When traveling in or out of the country, the first thing to remember is: Do Not Argue With Customs.
So, when I found myself confronted with a problem going through customs in an as yet unnamed South American Country, I stayed calm in the face of apparent imbecility.
It seems an overly officious armed officer asked me, after I’d snaked my way through a long line, if I had my liquids in a plastic bag. I replied I do, and proudly pulled out a plastic one gallon kitchen bag containing travel-sized mouthwash, toothpaste, deodorant and eye wash. Afterall, I’m a seasoned traveler with hundreds of thousands of miles on that bag. I was prepared.
He held the plastic bag up disparagingly and motioned for another officer to show me a “proper” bag – a zip-lock plastic bag! Apparently the zip-lock feature keeps passengers safer than a twist-tie. There was nothing I could do about it. They would not give me the bag they had. I could not go through with the one I had. I was instructed to go back out through the long line and get a proper zip-lock plastic bag.
I’d already made my first mistake, but didn’t know it yet. Before going through the metal detector I always empty my pockets into the zippered pocket of my carryon. I left my carryons on the counter and struggled through the throng to the exit. Near where the Departing Tax gets paid is a small kiosk that sells candies and plastic bags. My money was in my suitcase on the other side of that mob! So was my passport, airline ticket – everything!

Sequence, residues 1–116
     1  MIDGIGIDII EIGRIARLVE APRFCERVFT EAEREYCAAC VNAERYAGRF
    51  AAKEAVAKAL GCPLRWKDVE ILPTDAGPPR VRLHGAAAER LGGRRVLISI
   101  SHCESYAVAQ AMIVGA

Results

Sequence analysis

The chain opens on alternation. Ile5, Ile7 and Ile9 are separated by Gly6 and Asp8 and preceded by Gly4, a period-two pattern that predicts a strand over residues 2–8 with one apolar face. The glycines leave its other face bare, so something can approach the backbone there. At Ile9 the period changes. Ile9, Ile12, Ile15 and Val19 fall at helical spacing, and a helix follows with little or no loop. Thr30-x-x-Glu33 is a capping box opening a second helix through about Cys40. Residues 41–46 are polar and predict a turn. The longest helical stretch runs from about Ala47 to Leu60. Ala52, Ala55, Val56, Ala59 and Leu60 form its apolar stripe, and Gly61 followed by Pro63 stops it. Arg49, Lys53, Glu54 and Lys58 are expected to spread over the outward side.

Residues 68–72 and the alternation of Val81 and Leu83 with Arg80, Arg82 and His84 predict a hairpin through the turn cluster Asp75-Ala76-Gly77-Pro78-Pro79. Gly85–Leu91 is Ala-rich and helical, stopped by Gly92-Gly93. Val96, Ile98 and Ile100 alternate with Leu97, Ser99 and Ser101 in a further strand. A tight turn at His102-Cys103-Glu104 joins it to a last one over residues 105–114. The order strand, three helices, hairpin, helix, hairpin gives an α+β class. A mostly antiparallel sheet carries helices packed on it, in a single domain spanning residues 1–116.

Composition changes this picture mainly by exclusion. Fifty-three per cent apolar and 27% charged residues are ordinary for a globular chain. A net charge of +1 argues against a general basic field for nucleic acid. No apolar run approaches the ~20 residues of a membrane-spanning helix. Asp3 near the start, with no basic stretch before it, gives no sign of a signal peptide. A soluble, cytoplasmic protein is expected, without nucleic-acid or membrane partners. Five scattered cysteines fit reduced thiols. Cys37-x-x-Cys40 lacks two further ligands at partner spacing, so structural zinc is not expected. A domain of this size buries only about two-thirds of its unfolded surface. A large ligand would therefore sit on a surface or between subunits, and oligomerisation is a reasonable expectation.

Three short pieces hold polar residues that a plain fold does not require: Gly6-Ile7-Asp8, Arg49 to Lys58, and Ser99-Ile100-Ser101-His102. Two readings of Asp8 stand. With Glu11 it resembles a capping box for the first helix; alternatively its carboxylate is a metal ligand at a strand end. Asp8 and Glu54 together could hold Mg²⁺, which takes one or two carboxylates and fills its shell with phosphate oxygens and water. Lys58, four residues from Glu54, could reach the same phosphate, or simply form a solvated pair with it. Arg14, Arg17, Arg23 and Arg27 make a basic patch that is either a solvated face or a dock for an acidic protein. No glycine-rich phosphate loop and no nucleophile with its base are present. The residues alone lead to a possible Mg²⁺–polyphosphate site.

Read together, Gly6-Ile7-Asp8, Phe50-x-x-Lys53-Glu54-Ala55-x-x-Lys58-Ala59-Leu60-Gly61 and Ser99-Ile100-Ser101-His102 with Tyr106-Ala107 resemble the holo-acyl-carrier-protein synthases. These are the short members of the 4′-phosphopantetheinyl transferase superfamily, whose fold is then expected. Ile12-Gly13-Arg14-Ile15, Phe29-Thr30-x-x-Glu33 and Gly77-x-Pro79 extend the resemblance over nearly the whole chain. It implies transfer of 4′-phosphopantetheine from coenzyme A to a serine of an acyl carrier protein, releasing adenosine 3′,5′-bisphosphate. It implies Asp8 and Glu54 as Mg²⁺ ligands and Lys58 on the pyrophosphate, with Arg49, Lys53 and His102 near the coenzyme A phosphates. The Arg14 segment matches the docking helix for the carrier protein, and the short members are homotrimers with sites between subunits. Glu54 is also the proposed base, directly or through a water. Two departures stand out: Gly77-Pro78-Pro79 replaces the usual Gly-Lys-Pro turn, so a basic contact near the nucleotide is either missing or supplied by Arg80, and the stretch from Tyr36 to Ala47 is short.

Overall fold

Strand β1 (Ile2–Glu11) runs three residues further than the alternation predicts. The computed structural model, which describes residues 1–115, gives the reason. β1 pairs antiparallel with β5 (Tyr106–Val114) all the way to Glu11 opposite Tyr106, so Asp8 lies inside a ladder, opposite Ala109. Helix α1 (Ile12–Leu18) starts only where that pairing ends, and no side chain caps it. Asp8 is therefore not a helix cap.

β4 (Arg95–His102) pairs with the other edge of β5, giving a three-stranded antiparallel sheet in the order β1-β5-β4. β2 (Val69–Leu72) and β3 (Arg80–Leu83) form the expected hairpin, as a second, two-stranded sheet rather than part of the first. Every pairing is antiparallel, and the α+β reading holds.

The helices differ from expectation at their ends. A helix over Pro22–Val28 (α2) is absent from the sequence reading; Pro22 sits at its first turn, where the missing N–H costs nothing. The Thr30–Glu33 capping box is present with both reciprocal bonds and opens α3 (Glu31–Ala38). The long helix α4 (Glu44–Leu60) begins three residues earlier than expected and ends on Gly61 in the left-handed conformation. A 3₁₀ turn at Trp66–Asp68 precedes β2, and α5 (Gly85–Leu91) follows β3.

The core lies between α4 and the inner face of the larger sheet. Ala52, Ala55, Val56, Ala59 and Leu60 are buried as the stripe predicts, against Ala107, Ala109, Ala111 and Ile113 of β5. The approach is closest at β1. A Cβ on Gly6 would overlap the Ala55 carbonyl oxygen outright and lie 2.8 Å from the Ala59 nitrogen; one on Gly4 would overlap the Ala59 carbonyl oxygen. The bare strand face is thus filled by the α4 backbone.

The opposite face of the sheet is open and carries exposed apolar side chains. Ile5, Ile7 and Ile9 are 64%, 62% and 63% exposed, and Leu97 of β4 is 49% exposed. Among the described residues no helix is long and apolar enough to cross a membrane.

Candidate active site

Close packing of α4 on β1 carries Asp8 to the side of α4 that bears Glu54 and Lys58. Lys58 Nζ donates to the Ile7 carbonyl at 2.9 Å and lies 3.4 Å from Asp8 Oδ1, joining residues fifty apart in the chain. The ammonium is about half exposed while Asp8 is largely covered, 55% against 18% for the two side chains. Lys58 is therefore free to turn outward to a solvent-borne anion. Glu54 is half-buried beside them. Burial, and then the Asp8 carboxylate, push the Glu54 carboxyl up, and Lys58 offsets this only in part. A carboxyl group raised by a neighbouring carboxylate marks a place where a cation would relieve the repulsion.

After waiting on line, I convinced the lady running the booth to give me a bag, assuring her I would return with money. Trust is a beautiful thing. Also, I was a silver-haired, pleasant-looking gentleman in a sport jacket and slacks. I know how to represent. I raced back through the by-now-impatient-with-me crowd and handed the zip-lock plastic bag to the guard. He dropped it on my open suitcase and told me to put my liquids in it. Before I did that, to his consternation and the total disbelief of everyone waiting behind me, I rummaged through the bag, grabbed some bills and raced back out through that restive line.
The plastic bags were 50 centavos (about 25 cents) each. I had no change, the wrong currency and no time to spare – there was a mob to face and a plane to catch, not to mention a cross customs agent. I gave her a dollar bill and told her to keep the change. When I got back to my carryons everything had been taken out and left on the table, but a quick check showed me it was all still there. I repacked, and just as I was ready to walk through the metal detector, the poor bastard behind me got the same run around!
I quickly explained to him what he had to do, reminded him to take money, and pointed him in the right direction. I regretted not taking more zip-lock plastic bags instead of leaving the change, so that my fellow travelers could be spared what I’d just gone through.
Oddly enough, after I didn’t set off the metal detector, I was wanded anyway, and frisked, and my suitcase was emptied and searched again. That happened again at the gate. I don’t know if I was being profiled, or they had a tip, or just a hair out of place, but – now that I think about it – the fellow behind me was a silver-haired, pleasant-looking gentleman in a sport jacket and slacks, too. Next time I travel – it’s as a tourist – in flipflops, a gimme cap, and a statement T-shirt!
And I’ll remember to use a zip-lock plastic bag!